The key issue is that if you are white & middle class you have to face your discomfort with your kid being a minority. Doesn't matter what your political affiliation, it is a demographic change that a lot of are not very comfortable facing. Plus most of us know that the system that has often excluded minority kids will also exclude our kids if we don't get our own some exclusive track so screw all other kids we need to take care of our own. Fundamentally what is good for our own kids in the short term will just exacerbate all the long term social problems we are seeing.

    by DC parent on Jun 27, 2013 4:31 pm • linkreport

    I mostly agree with Gull. Some people may want to self-segregate and go with what they are comfortable with, especially when it involves their children. Let them. Preferences based on race, income, gender, or sexual orientation should be completely eliminated. Just treat everyone the same. Let the chips fall where they may.

    by Nick on Jun 27, 2013 5:27 pm • linkreport

    More school systems -- like the once-integrated schools I attended in Wake County, N.C., and within D.C. -- are moving towards choice as the guiding principle of student assignment, and yet it has severe limitations in terms of guaranteeing equity and fostering diversity. It's disappointing to see that even in MoCo, a jurisdiction that certainly has the capacity and the will to deliver broad-based achievement, that school choice hasn't delivered on its promise.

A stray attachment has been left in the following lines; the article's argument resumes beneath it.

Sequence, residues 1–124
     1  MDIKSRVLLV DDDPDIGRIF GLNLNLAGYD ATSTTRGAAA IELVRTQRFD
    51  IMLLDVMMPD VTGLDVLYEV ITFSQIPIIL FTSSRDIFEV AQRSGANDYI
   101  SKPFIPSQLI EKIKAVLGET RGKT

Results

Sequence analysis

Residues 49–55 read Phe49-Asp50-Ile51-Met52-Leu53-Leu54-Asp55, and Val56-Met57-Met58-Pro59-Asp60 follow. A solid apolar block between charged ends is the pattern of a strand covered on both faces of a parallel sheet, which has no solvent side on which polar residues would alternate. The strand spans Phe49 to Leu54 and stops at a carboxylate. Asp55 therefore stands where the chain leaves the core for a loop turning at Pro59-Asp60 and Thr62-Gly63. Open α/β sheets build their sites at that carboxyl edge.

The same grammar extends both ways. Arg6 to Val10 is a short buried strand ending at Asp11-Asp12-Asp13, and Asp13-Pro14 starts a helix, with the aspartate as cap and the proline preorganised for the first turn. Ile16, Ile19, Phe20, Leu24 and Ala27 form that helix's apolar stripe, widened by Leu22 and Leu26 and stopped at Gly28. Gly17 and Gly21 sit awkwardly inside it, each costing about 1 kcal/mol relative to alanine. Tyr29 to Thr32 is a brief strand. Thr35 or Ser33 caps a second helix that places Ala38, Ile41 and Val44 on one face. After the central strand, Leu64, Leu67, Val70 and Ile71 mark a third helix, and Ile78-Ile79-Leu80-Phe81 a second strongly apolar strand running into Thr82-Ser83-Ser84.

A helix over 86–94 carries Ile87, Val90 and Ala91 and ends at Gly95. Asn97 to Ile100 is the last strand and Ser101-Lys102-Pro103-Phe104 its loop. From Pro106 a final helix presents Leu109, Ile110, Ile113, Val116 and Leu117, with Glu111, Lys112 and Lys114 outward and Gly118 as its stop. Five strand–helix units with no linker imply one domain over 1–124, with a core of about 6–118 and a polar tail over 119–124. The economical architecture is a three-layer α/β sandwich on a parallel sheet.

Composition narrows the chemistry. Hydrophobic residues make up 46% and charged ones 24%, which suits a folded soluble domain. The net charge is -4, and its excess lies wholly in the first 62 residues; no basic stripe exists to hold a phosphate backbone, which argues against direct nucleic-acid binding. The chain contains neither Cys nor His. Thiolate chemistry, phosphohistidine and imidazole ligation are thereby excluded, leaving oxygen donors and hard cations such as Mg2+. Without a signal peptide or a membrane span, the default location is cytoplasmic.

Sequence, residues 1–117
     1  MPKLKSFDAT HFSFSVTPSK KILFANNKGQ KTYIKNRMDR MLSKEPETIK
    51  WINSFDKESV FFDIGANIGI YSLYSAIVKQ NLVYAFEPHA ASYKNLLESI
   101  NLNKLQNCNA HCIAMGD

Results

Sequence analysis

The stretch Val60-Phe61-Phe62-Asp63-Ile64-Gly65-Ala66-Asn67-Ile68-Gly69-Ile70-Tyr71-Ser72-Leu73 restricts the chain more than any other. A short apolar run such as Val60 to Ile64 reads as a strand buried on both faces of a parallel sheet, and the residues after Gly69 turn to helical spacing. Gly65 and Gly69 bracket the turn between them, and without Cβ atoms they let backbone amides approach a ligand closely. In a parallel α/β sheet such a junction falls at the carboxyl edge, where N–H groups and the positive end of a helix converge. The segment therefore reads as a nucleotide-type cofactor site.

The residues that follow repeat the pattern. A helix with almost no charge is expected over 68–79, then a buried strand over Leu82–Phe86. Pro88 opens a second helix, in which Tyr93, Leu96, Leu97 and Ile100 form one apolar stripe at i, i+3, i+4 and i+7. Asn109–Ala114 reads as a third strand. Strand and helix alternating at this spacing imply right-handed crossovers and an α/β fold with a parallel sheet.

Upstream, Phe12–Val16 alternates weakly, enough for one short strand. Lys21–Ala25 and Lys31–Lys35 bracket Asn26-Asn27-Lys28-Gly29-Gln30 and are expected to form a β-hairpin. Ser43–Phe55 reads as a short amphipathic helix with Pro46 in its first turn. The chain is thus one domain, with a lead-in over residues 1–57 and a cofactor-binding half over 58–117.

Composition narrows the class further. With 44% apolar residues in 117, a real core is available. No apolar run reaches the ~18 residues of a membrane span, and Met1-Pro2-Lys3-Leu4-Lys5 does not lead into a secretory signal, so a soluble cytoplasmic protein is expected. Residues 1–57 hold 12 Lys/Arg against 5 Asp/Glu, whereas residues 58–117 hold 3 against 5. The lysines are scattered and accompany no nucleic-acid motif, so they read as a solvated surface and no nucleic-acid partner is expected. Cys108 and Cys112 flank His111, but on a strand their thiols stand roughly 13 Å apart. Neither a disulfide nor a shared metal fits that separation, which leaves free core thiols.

@Nick: The problem is that letting "the chips fall where they may" is unfair and ultimately counterproductive for society, given that the chips are inequitably distributed to begin with.

    @DC parent: agreed that "being a minority... is a demographic change that a lot of are not very comfortable facing" but it's one that whites across the region already face (and nationally in the generation ahead), and, well, those of us in the minority majority can't exactly sympathize.

    by Payton C. on Jul 2, 2013 1:36 pm • linkreport

    @Payton

    I agree that choice is an imperfect tool, but I believe that if done right it can work: if the schools provide strong, competitive options, and if choice happens in the context of a broader integration scheme. In other words, it can't just be 3 schools with generally similar demographics and some special classes. I talk about this more in today's post.

    by dan reed! on Jul 2, 2013 2:06 pm • linkreport

    Add a Comment

    Name: (will be displayed on the comments page)

    Email: (must be your real address, but will be kept private)

    URL: (optional, will be displayed)

    Your comment:

    By submitting a comment, you agree to abide by our comment policy.
    Notify me of followup comments via email. (You can also subscribe without commenting.)
    Save my name and email address on this computer so I don't have to enter it next time, and so I don't have to answer the anti-spam map challenge question in the future.

    or

    Support Us